"Now that some experience has been gained by this occurrence, do you intend in the future to make and extra efforts to guard against a repetition of such an affair?'

"Most assuredly. I shall lengthen the railing which divides the promenade into two lanes at the narrow point where the cable comes down to the footbridge, and where there was a considerable blockade a few minutes before the jam occurred at the anchorage. By doing this and having men stationed there to turn those going to Brooklyn on one side, and those going to New York in another, the likelihood of a jam in that part of the structure will be prevented. Than I shall have the stairways divided by a strong railing in the same manner, so that on one side people can pass down, and on the other up. These changes will apply to both ends of the bridge.'

"Why are there stairs at all, MR. MARTIN? Don't you consider that they are objectionable in view of yesterday's event?'

"If the stairs had not been there the incline would have of necessity been very great, and to obviate this the steps were erected. It was considered that the steps would be less objectionable than so great an incline.'

"Is the roadway wide enough to accommodate the daily travel?'

"It does not seem to be so now, but that is largely due to the fact that our cars are not yet running. As soon as they are in full order the number of pedestrians which now crosses the promenade will be so materially reduced that I think the roadway will be found to give ample accommodation."

"No, sir: I do not. As I said, it is one of those things which baffles human prescience. A crowd might gather in a prairie and do harm. There was ample space for the one that did the damage yesterday, but the trouble was that the people became panic struck. They dreaded a danger of some sort - they could not tell from that point, and only made one great rush to get from the spot in which they were. A little common sense would have prevented the entire occurrence. There always has been a tendency to halt at these steps, and this is why we are planning to erect the rails so as to prevent the two streams from coming in conflict. There is also a tendency to crush where the cables dip below the walk and are railed off. There will be a center rail erected at this point also, and the greatest care will be used in future to prevent the clashing of opposite streams of people."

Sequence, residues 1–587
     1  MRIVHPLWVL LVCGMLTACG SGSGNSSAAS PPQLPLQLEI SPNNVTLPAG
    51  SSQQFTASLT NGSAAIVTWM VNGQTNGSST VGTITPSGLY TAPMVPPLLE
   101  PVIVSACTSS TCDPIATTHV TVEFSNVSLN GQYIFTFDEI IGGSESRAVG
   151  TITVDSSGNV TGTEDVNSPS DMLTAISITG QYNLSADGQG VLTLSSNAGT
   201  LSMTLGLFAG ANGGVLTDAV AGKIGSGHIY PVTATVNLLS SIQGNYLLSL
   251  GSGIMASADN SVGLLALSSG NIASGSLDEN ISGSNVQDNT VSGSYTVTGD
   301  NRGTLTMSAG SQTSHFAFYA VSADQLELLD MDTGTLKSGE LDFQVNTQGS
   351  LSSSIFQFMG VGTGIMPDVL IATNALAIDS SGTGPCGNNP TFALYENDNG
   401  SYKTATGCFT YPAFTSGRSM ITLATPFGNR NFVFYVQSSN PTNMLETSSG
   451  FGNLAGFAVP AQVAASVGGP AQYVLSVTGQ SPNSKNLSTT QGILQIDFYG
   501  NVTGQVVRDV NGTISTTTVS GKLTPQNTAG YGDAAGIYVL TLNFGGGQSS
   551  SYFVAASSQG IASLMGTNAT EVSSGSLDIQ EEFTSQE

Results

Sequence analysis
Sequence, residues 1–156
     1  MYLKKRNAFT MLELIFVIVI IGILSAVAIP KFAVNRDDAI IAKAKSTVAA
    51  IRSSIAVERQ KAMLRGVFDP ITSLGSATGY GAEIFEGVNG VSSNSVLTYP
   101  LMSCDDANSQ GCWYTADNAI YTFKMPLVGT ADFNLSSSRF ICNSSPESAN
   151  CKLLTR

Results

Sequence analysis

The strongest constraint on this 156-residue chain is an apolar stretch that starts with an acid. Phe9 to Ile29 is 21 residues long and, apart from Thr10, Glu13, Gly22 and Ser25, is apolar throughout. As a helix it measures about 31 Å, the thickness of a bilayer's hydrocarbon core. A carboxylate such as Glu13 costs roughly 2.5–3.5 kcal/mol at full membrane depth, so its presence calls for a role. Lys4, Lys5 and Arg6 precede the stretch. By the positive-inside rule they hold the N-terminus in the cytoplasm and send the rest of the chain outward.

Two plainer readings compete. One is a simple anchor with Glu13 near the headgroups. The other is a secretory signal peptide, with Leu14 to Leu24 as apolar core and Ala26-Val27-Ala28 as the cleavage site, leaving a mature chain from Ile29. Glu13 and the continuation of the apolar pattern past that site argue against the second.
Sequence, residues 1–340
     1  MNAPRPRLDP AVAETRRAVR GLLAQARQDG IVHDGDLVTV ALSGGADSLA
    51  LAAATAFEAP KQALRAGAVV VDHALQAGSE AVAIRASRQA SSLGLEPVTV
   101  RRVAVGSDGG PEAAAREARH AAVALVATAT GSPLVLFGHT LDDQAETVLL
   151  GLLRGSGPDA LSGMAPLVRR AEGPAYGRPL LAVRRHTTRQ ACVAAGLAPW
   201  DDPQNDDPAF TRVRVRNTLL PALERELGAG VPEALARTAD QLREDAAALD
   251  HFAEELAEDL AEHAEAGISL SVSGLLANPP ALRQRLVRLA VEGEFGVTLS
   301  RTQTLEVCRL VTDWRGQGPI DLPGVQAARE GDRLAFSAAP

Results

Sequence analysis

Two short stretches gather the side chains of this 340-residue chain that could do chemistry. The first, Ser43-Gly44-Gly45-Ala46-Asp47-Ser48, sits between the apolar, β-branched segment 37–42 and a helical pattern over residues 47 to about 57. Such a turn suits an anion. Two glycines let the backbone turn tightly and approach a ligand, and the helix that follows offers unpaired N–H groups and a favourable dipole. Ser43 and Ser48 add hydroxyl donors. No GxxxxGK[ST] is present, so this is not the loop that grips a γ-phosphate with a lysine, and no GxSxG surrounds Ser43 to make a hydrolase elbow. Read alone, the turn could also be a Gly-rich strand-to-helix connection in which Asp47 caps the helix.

"I think," said Mayor LOW, to an Eagle reporter this morning, "that the most palpable lesson of the affair is the need of more police. It is impossible, of course, to say whether the presence of a larger police force at the stairs would have prevented the panic and the accident, but it is very clean to my mind that for the ordinary conditions that prevail on the bridge a much larger force than has been employed is needed there. The accident proves, of course, that the footway is not competent by itself to transport the people that want to cross, and it is unfortunate that it should have been so severely tested apart from the railway system which was intended to work with it. It is curious to think that more people probably were injured in that accident upon a bridge across which they could walk than have lost their lives and been hurt on all our ferries in the last twenty years."

MR. JAMES S. T. STRANAHAN, one of the trustees, said: "It was believed that the steps on either approach to the towers would be plenty wide enough. They are of greater width than the sidewalks on Broadway, and every one knows what crowds of people traverse them. The only reason why the accident occurred that I can give is because the people became panic struck. It is unfortunate that it happened upon the bridge, but if the same crowd had been confined upon any of our thoroughfares, and had become uncontrollable through fear, lives would have been lost also. When the railroad was planned it was found necessary to utilize the center portion of the bridge for the promenade; it was impossible to run the cars around the center tower, and it was therefore decided to place the tracks through the arches near the tower. Then this necessitated that the promenade at the tower should pass over the railroad. Instead of putting all the steps at the towers it was thought better to place them at the anchorage. The promenade might have been continued at the same height to the ends of the bridge, but then there would have had to have been even more steps, as the height would have been greater. The trustees of the bridge have considered the matter of travel and have largely trusted to the cars relieving the traffic on the promenade, so that it would render the repetition of another such occurrence almost an impossibility. The stairs are well built and were made as wide as it was possible for them to be constructed."

"Could more space for pedestrians be given, MR. STRANAHAN?"

"Well, if we find that the cars do not relieve the promenade as we consider they ought to brackets will be placed at the edge of the roadways, and a pathway will thus be gained."

"Do you think you have sufficient police on the bridge?'

"Yes, sir. There are plenty to keep order and do all the duty that is necessary to be performed."

The Brooklyn Eagle
Brooklyn, New York
May 31, 1883